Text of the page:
Proc. SPIE. 6513, Medical Imaging 2007: Ultrasonic Imaging and Signal Processing
KEYWORDS: Image processing algorithms and systems, 3D acquisition, 3D image enhancement, Visualization, Signal attenuation, Ultrasonography, Image segmentation, Image processing, 3D image processing, Anisotropic diffusion
Ultrasound (US) is one of the most used imaging modalities today as it is cheap, reliable, safe and widely
available. There are a number of issues with US images in general. Besides reflections which is the basis
of ultrasonic imaging, other phenomena such as diffraction, refraction, attenuation, dispersion and scattering
appear when ultrasound propagates through different tissues. The generated images are therefore corrupted by
false boundaries, lack of signal for surface tangential to ultrasound propagation, large amount of noise giving
rise to local properties, and anisotropic sampling space complicating image processing tasks.
Although 3D Transrectal US (TRUS) probes are not yet widely available, within a few years they will likely be
introduced in hospitals. Therefore, the improvement of automatic segmentation from 3D TRUS images, making
the process independent of human factor is desirable. We introduce an algorithm for attenuation correction,
reducing enhancement/shadowing effects and average attenuation effects in 3D US images, taking into account
the physical properties of US. The parameters of acquisition such as logarithmic correction are unknown, therefore
no additional information is available to restore the image. As the physical properties are related to the direction
of each US ray, the 3D US data set is resampled into cylindrical coordinates using a fully automatic algorithm.
Enhancement and shadowing effects, as well as average attenuation effects, are then removed with a rescaling
process optimizing simultaneously in and perpendicular to the US ray direction. A set of tests using anisotropic
diffusion are performed to illustrate the improvement in image quality, where well defined structures are visible.
The evolution of both the entropy and the contrast show that our algorithm is a suitable pre-processing step for
We developed a fast centerline-based segmentation (CBS) algorithm for the extraction of colon in computer-aided detection (CAD) for CT colonography (CTC). CBS calculates local centerpoints along thresholded components of abdominal air, and connects the centerpoints iteratively to yield a colon centerline. A thick region encompassing the colonic wall is extracted by use of region-growing around the centerline. The resulting colonic wall is employed in our CAD scheme for the detection of polyps, in which polyps are detected within the wall by use of volumetric shape features. False-positive detections are reduced by use of a Bayesian neural network. The colon extraction accuracy of CBS was evaluated by use of 38 clinical CTC scans representing various preparation conditions. On average, CBS covered more than 96% of the visible region of colon with less than 1% extracolonic components in the extracted region. The polyp detection performance of the CAD scheme was evaluated by use of 121 clinical cases with 42 colonoscopy-confirmed polyps 5-25 mm. At a 93% by-polyp detection sensitivity for polyps ≥5 mm, a leave-one-patient-out evaluation yielded 1.4 false-positive polyp detections per CT scan.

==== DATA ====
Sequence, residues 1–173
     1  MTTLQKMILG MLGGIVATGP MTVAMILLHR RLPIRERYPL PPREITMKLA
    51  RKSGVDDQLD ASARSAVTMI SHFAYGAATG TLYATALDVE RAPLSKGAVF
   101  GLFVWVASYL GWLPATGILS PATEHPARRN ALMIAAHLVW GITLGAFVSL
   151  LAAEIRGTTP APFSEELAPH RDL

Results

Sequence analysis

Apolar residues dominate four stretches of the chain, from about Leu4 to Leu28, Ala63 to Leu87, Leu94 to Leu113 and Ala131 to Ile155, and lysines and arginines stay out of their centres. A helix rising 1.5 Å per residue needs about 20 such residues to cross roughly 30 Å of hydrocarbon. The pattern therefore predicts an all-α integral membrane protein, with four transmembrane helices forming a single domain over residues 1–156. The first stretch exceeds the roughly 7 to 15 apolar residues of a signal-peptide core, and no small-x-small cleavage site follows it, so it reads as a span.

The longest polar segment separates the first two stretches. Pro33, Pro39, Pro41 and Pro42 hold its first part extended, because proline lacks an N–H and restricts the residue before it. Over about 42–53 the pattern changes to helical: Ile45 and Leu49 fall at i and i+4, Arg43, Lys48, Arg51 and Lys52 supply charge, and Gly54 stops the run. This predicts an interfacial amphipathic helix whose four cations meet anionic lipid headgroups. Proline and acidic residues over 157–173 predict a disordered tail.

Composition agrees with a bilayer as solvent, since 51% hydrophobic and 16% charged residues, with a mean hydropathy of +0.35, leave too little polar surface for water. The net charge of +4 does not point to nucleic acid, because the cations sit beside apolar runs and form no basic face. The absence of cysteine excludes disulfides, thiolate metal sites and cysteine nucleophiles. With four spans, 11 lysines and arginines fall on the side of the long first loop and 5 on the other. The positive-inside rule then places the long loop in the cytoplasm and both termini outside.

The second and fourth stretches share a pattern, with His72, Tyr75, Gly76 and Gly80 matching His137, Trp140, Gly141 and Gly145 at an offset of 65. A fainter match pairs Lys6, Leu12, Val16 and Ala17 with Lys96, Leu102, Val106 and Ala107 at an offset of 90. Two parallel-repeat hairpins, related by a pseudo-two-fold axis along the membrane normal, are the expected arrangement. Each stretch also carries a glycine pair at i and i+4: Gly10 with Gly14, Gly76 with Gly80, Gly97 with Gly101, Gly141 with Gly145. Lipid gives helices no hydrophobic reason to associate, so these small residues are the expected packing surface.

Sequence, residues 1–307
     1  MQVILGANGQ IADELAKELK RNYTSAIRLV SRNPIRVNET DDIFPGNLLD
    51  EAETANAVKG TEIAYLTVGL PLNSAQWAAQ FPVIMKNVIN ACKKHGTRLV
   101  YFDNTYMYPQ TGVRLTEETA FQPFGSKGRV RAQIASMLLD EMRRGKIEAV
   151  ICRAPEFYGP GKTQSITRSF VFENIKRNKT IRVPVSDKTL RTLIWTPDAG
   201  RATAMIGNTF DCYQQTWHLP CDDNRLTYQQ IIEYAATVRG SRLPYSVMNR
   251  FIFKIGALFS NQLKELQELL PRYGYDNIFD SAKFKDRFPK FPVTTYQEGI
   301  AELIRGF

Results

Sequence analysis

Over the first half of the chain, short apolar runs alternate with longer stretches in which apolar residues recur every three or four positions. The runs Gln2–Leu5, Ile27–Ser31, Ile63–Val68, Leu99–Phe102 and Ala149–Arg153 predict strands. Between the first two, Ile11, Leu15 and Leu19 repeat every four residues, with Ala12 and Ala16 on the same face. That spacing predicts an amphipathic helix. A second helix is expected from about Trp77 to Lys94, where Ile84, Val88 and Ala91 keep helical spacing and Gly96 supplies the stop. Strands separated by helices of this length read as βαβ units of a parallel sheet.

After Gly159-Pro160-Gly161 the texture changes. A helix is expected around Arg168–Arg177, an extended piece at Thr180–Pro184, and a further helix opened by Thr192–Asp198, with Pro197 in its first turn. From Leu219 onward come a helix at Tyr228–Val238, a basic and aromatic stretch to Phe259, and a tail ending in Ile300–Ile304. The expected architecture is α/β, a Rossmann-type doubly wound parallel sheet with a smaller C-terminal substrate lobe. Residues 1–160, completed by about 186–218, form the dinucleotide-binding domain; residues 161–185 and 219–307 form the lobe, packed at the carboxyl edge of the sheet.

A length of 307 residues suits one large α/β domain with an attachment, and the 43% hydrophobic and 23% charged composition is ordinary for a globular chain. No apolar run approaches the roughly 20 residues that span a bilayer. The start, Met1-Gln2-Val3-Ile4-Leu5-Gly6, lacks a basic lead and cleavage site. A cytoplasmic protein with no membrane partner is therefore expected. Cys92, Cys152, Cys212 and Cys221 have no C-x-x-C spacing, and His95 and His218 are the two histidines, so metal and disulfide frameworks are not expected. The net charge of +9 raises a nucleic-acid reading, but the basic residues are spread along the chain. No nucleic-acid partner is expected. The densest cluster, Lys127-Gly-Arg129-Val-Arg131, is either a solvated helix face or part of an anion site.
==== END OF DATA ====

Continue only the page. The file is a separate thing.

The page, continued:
We developed a new method for automated detection of colonic polyps in CT colonography. The colon is extracted from CT images by use of a centerline-based colon segmentation method. Polyp candidates are detected by use of hysteresis thresholding and fuzzy merging. The regions of the polyp candidates are segmented by use of conditional morphological dilation. False-positive polyp candidates are reduced by a region-based supine-prone correspondence method and by a Bayesian neural network with shape and texture features. To evaluate the method, CT colonography was performed for 121 patients with standard technique and single- and multi-detector helical scanners by use of 2.5-5.0 mm collimations, 1.0-5.0 mm reconstruction intervals, and 60-100 mA tube currents. Twenty-eight patients had a total of 42 polyps: 22 polyps were 5-10 mm, and 20 polyps were 11-25 mm in size. A leave-one-out evaluation of the CAD scheme with by-patient elimination yielded 93% by-polyp and by-patient detection sensitivities with 2.0 false-positive detections per data set on average. The average computation time was 4 minutes per data set. The results indicate that the CAD scheme may be useful in improving the performance of computer-aided detection for colon cancer in a clinical screening setting.